Song of the Day – “A Day in the Life” – The Beatles

“Leap Day” only comes around once every four years. The Grammys decided to stage their 1968 awards on Leap Day, and the album of the year was Sgt. Pepper’s Lonely Hearts Club Band. This song was the crowning glory of that influential album, pieced together from disparate pieces from John and Paul.

The playing is astounding here. Much has been made of the final chord, a production trick of George Martin’s. But the piano is incredible, and Ringo’s drumming is much like another song of the same time, “Strawberry Fields Forever”. I love how the drumming doesn’t propel the song forward, but almost pulls it back.

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Song of the Day – “Flying Home” – Charlie Christian

Guitars, if they were included in bands of the thirties at all, were considered a rhythm instrument. Chords played on the beat – that is, until Charlie Christian came along. Benny Goodman had the foresight to allow Charlie to get his own solo moments. Here he is with Goodman on clarinet, Lionel Hampton on the vibraphone and Fletcher Henderson on piano. A Hampton/Goodman tune from 1939.

Song of the Day – “Sincerely” – The Moonglows

The Moonglows were a highly influential doo-wop group of the fifties. This monster hit shows why everybody wanted to sound like them.

Disk jockey Alan Freed gave them their name; they were called the Crazy Sounds before that.

Song of the Day – “The Man from San Sebastian” – DeVotchKa

DeVotchKa makes music that is so wonderfully cinematic that the video is practically superfluous. Just closing your eyes while listening will conjure up an entire screenplay full of intrigue and danger.

Cool.

This is from their 2011 album, 100 Lovers.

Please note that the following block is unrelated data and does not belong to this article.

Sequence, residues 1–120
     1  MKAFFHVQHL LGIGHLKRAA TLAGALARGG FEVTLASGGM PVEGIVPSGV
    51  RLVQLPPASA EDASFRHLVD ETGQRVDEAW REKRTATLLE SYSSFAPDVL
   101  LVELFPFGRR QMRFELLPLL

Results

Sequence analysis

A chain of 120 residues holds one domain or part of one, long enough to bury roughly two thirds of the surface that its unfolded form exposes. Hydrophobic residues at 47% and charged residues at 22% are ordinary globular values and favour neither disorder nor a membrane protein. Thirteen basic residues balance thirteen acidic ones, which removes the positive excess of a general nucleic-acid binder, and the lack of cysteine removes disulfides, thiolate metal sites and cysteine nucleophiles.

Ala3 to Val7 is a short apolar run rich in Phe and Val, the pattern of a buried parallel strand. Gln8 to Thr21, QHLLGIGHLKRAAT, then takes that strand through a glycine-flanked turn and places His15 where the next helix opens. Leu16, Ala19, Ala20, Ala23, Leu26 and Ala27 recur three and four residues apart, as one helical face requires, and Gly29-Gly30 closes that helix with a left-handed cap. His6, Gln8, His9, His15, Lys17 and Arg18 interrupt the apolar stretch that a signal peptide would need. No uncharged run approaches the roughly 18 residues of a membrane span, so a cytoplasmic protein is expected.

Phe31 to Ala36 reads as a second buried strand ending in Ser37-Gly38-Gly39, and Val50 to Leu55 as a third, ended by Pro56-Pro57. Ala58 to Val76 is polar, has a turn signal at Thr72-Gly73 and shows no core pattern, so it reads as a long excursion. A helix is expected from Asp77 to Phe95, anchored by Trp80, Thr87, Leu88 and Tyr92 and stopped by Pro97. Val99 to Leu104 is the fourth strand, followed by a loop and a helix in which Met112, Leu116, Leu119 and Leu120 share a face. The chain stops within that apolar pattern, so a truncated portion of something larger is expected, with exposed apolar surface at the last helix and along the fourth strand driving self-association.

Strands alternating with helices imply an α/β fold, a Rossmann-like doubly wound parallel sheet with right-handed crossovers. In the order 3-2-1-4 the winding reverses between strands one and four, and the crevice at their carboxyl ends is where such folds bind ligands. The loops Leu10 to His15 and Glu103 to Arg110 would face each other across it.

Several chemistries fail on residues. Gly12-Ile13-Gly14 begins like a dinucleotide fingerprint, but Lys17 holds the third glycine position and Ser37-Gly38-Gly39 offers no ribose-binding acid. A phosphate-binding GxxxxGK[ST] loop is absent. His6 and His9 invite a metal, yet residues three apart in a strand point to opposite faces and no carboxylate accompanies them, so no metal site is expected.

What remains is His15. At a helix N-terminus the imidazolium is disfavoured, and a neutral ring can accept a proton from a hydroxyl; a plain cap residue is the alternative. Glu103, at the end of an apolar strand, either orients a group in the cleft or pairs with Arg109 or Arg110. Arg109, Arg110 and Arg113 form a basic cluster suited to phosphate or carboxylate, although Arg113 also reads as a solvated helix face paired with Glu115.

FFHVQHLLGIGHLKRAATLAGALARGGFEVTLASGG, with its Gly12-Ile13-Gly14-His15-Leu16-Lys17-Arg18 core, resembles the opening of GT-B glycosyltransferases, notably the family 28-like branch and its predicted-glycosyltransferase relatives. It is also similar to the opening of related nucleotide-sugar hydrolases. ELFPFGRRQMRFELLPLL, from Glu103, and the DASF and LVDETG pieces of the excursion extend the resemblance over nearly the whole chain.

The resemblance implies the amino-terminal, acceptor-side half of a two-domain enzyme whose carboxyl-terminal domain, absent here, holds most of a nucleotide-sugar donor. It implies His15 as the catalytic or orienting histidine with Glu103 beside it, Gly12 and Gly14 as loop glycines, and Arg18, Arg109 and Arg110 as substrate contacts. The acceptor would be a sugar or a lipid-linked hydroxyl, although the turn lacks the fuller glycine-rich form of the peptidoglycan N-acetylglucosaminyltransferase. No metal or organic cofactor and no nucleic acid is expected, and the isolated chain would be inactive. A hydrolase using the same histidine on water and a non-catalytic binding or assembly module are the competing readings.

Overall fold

Song of the Day – “Love Comes to Everyone” – George Harrison

It would have been George’s seventy-third birthday today.

One can only hope that he was right:

It’s so true it can happen to you all
There knock and it will open wide
And it only takes time
‘Til love comes to everyone

iPhoneography Apps – MaxCurve Part Two: unexpected curves!

In the first part of my series on MaxCurve, I showed how MaxCurve implements the most basic of curves: the RGB curve, which affects all the pixels within the image, changing the luminosity and contrast; and the separate Red, Green and Blue curves. Remember, these are the curves referred to when other apps like Leonardo, Enlight, Filterstorm and Laminar give you curves capability.

But MaxCurve steps beyond those standard curves, giving other adjustments the fine control that you can only achieve through a curve. As with the RGB curves, you can make much subtler changes than I show here. I am trying to make the changes obvious for these screenshots, but expect you to use them judiciously in the final toning steps in your workflow.

MCurve_B_01

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Song of the Day – “New Music” Wednesday – “Down to My Last Bad Habit” – Vince Gill

I’m firmly of the belief that if you’re a talented musician, it doesn’t matter what genre you play in. That leads us to the soul stylings of one Vince Gill, with the title track from his latest release. Sure, the slide guitar ties it back to country, but Gill’s lead guitar is definitely smooth soul, all the way,